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Justin Bieber Hosts an Intimate, Acoustic Winter Wonderland

Singer debuts new material, raises $500,000 for charity

December 22, 2011 2:00 PM ET
Justin Bieber
Justin Bieber plays acoustic Christmas show at Toronto’s Legendary Massey Hall.
Courtesy of MuchMusic/George Pimentel for WireImage

Pop heartthrob Justin Bieber delivered a Christmas miracle to his young fans last night with a rare, intimate theater concert at Toronto's Massey Hall. The acoustic performance was taped for the Canadian television special Justin Bieber: Home for the Holidays, which airs tonight on MuchMusic/CTV, and proceeds from the sold-out night went to Children’s Wish Foundation, via the singer's own Believe Charity Drive.

On a wintry stage replete with festive trees, fake snow, massive wreaths and giant stars, the 17-year-old teen idol delivered a nearly two-hour set, accompanied only by longtime guitarist Dan Kanter (who also played a gorgeous red grand piano). Bieber clearly predicted that their acoustic renditions could be drowned out by the nonstop screams of the nearly 3,000 young ladies (and their parents) in the audience; after kicking off the show with his massive hit “Baby,” the singer sweetly but firmly asked the shrieking crowd to pipe down for the rest of the concert. “I know you are used to screaming every second,” he said, “but I want you to listen.” Impressively, they abided – for the most part.

Bieber's set captured the holiday season well; his voice was soulful and strong in the unembellished setting, and he dressed the part in a toque and red-and-black lumberjack shirt, a Canadian flag dangling from his pants pocket. He sang a good portion of his new Christmas album, Under the Mistletoe, including “Christmas Eve,” “Christmas Love,” “All I Want for Christmas is You" and an a capella version of “Fa La La.” He also threw in songs from his hit albums My World and My World 2.0, such as “Favorite Girl,” “Common Denominator” (for which he admitted to needing a lyrical cheat-sheet), a reggae-style version of “Somebody to Love” and an unveiling of the freshly-written “Be Alright.” He also tossed in covers of Lil Wayne’s “How to Love” and Matchbox Twenty’s “3 a.m.,” one of the songs he posted on YouTube before he was signed to a major label.

Always the charmer, Bieber offered plenty of genial, Christmas-related banter. However, when he went off course and talked about his runny nose or brought a disbelieving fan up to duet on “Never Say Never” (and gave her a signed guitar), that was when the night truly captured the “no pressure,” “sitting around a campfire” dynamic he repeatedly claimed that he wanted. He even brought his little sister onstage for a few minutes, holding her in his arms as he asked cute questions and got her to "sing" (as only three-year-olds can).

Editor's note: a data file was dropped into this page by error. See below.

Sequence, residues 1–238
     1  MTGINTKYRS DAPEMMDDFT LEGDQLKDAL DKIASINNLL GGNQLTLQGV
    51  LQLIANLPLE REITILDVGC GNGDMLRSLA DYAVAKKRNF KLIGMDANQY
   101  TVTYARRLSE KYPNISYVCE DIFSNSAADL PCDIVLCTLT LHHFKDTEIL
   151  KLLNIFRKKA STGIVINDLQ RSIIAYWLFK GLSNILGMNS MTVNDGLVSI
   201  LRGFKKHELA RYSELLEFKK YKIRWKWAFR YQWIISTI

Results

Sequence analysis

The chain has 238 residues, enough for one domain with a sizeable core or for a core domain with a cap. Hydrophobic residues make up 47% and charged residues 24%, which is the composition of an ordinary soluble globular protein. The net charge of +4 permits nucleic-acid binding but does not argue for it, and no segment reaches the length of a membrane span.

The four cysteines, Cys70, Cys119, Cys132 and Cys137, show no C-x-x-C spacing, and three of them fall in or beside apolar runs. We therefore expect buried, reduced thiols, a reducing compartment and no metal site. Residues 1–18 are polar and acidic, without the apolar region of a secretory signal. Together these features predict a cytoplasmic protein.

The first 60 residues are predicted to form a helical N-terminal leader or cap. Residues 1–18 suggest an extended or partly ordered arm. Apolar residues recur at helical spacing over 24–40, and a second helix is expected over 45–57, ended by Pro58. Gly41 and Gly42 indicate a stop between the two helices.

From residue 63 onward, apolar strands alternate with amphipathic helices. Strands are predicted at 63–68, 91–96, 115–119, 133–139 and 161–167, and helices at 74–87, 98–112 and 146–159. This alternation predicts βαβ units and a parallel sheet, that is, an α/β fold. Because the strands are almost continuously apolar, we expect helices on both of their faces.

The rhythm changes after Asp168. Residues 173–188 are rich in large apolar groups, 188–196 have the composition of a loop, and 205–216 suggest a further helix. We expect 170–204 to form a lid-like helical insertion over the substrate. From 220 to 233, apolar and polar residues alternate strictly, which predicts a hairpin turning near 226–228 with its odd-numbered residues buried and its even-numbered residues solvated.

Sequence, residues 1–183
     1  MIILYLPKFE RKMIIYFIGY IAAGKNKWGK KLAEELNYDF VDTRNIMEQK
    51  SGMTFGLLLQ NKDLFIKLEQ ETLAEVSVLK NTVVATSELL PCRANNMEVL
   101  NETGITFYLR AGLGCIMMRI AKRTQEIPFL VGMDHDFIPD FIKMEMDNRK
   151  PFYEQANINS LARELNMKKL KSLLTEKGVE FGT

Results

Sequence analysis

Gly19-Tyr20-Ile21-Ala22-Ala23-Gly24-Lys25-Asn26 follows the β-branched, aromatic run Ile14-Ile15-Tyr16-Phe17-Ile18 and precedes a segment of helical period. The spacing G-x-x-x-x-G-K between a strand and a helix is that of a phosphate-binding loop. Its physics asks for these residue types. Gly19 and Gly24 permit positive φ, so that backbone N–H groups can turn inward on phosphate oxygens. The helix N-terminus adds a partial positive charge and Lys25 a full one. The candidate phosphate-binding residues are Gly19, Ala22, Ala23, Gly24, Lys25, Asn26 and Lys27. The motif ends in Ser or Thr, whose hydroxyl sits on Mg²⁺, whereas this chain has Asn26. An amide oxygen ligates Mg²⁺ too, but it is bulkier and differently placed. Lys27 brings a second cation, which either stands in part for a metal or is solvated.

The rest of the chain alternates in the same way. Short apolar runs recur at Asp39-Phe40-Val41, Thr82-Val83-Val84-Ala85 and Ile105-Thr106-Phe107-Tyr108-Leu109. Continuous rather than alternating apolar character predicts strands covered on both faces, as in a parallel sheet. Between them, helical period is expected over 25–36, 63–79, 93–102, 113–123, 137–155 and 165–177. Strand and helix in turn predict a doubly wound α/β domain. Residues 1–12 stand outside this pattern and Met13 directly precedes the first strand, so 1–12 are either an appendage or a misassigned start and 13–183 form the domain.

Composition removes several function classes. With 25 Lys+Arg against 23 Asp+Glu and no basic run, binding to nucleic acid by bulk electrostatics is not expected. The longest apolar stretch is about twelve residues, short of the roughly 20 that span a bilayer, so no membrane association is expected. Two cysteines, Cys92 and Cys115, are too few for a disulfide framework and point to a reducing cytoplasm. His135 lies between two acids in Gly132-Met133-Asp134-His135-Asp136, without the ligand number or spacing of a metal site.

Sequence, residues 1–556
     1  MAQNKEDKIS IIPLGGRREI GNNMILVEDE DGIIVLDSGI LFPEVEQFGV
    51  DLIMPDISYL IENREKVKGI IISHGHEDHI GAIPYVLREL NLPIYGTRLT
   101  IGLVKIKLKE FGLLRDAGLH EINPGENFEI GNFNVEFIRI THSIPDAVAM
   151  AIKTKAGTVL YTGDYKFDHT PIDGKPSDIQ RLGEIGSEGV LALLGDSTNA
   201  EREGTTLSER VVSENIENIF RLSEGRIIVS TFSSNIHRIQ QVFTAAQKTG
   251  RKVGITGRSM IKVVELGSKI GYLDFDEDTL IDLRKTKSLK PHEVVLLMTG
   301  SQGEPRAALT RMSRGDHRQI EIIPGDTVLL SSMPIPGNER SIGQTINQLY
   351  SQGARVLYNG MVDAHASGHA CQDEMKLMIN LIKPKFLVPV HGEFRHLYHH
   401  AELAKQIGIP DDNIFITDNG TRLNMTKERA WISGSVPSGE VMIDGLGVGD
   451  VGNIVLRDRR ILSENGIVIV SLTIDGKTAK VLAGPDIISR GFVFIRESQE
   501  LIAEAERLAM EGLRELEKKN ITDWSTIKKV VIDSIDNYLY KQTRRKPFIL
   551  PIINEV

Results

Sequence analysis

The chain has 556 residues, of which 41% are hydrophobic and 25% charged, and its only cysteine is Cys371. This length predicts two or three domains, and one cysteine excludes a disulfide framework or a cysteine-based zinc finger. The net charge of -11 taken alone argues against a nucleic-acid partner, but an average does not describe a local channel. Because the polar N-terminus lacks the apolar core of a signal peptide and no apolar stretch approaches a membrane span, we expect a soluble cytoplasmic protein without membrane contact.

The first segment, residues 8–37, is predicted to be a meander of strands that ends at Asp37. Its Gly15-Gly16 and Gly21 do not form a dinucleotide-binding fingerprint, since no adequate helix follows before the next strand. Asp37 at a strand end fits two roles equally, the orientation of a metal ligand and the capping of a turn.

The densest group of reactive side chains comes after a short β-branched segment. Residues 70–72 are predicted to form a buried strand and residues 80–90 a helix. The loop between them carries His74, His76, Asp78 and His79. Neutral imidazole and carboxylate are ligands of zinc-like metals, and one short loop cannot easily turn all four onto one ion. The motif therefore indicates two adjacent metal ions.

The evening concluded on a high note as Bieber presented a check for $500,000 (Canadian) to the Children's Wish Foundation. As they exited the hall, his youthful audience members were so ecstatic, it seemed clear that no other present could top their evening.

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Song Stories

“Try a Little Tenderness”

Otis Redding | 1966

This pop standard had been previously recorded by dozens of artists, including by Bing Crosby 33 years before Otis Redding, who usually wrote his own songs, cut it. It was actually Sam Cooke’s 1964 take, which Redding’s manager played for Otis, that inspired the initially reluctant singer to take on the song. Isaac Hayes, then working as Stax Records’ in-house producer, handled the arrangement, and Booker T. and the MG’s were the backing band. Redding’s soulful version begins quite slowly and tenderly itself before mounting into a rousing, almost religious “You’ve gotta hold her, squeeze her …” climax. “I did that damn song you told me to do,” Redding told his manager. “It’s a brand new song now.”

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